Transport Layer Security (TLS) certificates have become a virtual prerequisite for any business with an online presence, especially one that accepts a customer’s personal data or payment information. Certificates verify a secure connection and the website’s trustworthiness. Many Russian businesses can’t operate without them and can’t get them or renew them from the usual CAs because sanctions prohibit many Western businesses from doing business in Russia.
Through that lens, Russia’s creation of a CA is a self-defense mechanism to keep its businesses running. But it’s more complicated than that and could even set the stage for potential conflict. The Russian government spinning up a CA means it has more ability to inspect web traffic, track activity, and create a surveillance state that can also spoof Western entities.
To truly grasp the dangers associated with Russia developing a TLS CA, it’s important to understand what CAs do and the impact they have on the digital world.
How certificate authorities work
Similar to the State Department issuing a passport, a TLS CA is an international trusted third party that issues identities to devices, servers, networks, and data. The CA signs the certificates, and the signature is verified by a web browser before establishing a connection.
There are several well-known public CAs like Entrust, DigiCert, and Let’s Encrypt that work with common browsers like Edge, Chrome, Firefox, and Safari. So far, only Russian browsers are defaulting to Russian TLS certificates.
Due to the sanctions, Russian websites that use specific certificates from a U.S.-based public CA will not be able to renew their certificates if they expire. Many certificate authorities have already decided they are blocking all new orders from Russia and Belarus. Additionally, other organizations that distribute certificates are pausing business operations in Russia.
Expired certificates are a grave security concern and can diminish business. According to a recent report from Ponemon Institute, nearly 65% of organizations across the world are unable to secure and govern the growing volume of digital certificates – which amount to an average 30,000 per organization – and more than half of today’s organizations have experienced one or more security incidents due to a digital certificate compromise. This report also found a CA compromise was a root cause (nearly 50%) of these cybersecurity incidents. With that, CAs have a lot of impact and influence on how today’s internet works.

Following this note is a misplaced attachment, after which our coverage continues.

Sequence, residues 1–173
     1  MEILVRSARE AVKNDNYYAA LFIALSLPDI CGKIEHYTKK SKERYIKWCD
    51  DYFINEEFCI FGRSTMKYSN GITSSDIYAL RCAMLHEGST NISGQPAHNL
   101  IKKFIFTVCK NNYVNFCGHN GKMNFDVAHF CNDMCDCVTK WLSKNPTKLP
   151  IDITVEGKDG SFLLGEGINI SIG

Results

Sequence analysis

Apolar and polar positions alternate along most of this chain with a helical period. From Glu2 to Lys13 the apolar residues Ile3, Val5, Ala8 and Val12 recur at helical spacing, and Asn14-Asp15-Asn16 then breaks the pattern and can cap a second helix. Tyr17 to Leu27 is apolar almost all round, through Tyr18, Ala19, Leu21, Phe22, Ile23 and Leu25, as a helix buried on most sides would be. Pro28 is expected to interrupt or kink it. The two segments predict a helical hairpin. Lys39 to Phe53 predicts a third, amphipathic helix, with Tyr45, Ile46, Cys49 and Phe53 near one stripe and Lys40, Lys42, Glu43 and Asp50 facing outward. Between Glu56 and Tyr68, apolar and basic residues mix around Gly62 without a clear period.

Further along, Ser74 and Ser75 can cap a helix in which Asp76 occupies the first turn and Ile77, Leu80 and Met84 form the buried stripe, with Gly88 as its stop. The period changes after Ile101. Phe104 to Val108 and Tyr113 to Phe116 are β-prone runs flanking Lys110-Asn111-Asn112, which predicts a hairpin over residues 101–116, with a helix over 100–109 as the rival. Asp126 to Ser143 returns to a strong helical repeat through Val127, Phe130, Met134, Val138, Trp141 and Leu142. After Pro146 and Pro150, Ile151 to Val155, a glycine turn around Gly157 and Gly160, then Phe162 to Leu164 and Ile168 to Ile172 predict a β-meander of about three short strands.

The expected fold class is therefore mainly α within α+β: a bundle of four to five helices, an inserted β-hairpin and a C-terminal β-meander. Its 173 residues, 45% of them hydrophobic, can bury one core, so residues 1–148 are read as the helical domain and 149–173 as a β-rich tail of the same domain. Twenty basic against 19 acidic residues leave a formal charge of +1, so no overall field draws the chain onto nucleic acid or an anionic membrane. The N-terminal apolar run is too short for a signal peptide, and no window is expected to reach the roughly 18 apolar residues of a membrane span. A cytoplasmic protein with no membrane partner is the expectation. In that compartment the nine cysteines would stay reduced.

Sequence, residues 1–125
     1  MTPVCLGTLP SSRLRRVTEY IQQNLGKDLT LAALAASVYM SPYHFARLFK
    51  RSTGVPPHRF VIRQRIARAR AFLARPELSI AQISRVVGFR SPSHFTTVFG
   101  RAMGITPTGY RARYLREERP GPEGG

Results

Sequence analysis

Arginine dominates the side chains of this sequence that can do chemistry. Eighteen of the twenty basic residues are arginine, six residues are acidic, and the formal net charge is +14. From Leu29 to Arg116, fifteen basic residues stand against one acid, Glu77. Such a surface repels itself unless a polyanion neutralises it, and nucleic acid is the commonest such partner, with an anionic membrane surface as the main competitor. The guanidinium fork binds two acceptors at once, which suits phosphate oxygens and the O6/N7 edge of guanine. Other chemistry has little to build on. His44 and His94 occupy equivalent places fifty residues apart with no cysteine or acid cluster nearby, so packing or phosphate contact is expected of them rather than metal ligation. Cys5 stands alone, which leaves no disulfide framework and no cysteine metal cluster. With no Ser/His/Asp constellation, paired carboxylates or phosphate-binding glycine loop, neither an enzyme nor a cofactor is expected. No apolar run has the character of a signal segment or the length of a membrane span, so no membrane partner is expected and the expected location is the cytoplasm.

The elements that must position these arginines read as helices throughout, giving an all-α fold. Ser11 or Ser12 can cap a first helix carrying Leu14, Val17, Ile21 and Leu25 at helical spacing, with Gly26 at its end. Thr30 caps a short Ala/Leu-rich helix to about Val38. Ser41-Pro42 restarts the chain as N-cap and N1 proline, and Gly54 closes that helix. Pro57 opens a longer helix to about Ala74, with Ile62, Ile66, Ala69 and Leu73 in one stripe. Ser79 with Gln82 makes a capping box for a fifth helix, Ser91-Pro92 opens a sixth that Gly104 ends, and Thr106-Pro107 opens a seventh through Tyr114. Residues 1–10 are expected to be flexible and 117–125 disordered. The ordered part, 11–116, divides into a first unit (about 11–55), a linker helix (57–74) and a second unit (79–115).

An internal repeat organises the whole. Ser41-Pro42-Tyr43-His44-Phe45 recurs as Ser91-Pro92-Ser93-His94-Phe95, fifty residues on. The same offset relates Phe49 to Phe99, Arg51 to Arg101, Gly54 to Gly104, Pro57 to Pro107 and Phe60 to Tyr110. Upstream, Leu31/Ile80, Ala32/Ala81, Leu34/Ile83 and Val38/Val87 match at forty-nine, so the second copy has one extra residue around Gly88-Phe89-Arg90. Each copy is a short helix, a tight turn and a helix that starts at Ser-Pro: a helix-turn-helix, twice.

While businesses can manually add a CA into a browser, it’s an all-or-nothing proposition. You can’t pick and choose which websites you want to use a certificate authority for. CAs are like the bouncer at a club, and your browser is the bartender looking to serve you a drink, or a website. Once browsers accept a CA, they trust the CA’s judgment to verify websites. This is why CAs are an integral part of the public key infrastructure (PKI), a framework for data encryption that establishes digital identities for users and web-based resources. This is what keeps the internet secure and transparent.
What this means for U.S. organizations
Russians are forced to trust the new CA because it’s the only choice Russian websites have when it comes to getting new certificates. Now the rest of the world needs to decide whether it also wants to trust a Russian CA.
For instance, if a university researcher in America wanted to read about the findings from Moscow Finance and Law University, it would have to use the Russian CA once the university’s current Sectigo certificate expires in November.
This has led to a larger discussion about Russian entities, whether government affiliated like the new CA or otherwise.
Even before Russia invaded Ukraine, which led to the sanctions en masse, it had a suspect reputation in the technology world and is one of the largest state-sponsored hacking countries. Having a CA at its disposal would assist the hackers in snooping web traffic, or worse. Hackers could hijack a domain name and use it to extort a ransom. They could also redirect users to an identical website and deploy malware or collect user credentials and credit card information.
It’s not just Russia, either. Government-backed CAs tend to stay out of the mainstream. Even the U.S. Department of Defense’s CAs are not publicly trusted and need to be manually added to devices.
What comes next
It’s clear Russia is going through this exercise to ensure that its infrastructure isn’t crippled by a sanction. PKI, specifically certificates, is the linchpin to internet-facing technology. It allows for secure communications and is an integral part of encryption, something that Russia excels at. This is why a Russian CA is something every organization should be watching.
Browsers like Chrome, Firefox, Edge, and Safari will have to make the call about whether they trust the Russian CA to both encrypt the traffic and point that traffic to the right place.
By owning a trusted CA, Russia can also now host as many man-in-the-middle attacks, which are generally privacy attacks. Additionally, with a Russian CA entity, the majority of state-sponsored hacking groups can use these CA to produce certificates for devices meant to intercept traffic and view all of the encrypted communications.
Because this isn’t happening all at once—many Western CAs are still honoring current certificates on Russian websites until they expire—it calls out the critical importance of automating certificate lifecycle management (CLM).
Russian organizations will need to replace millions of certificates on a rolling basis. It’s a tedious process and extremely time consuming. Automating CLM with trusted CAs reduces the likelihood of outages due to certificate expiration or human error, but make no mistake, a trusted CA is the key.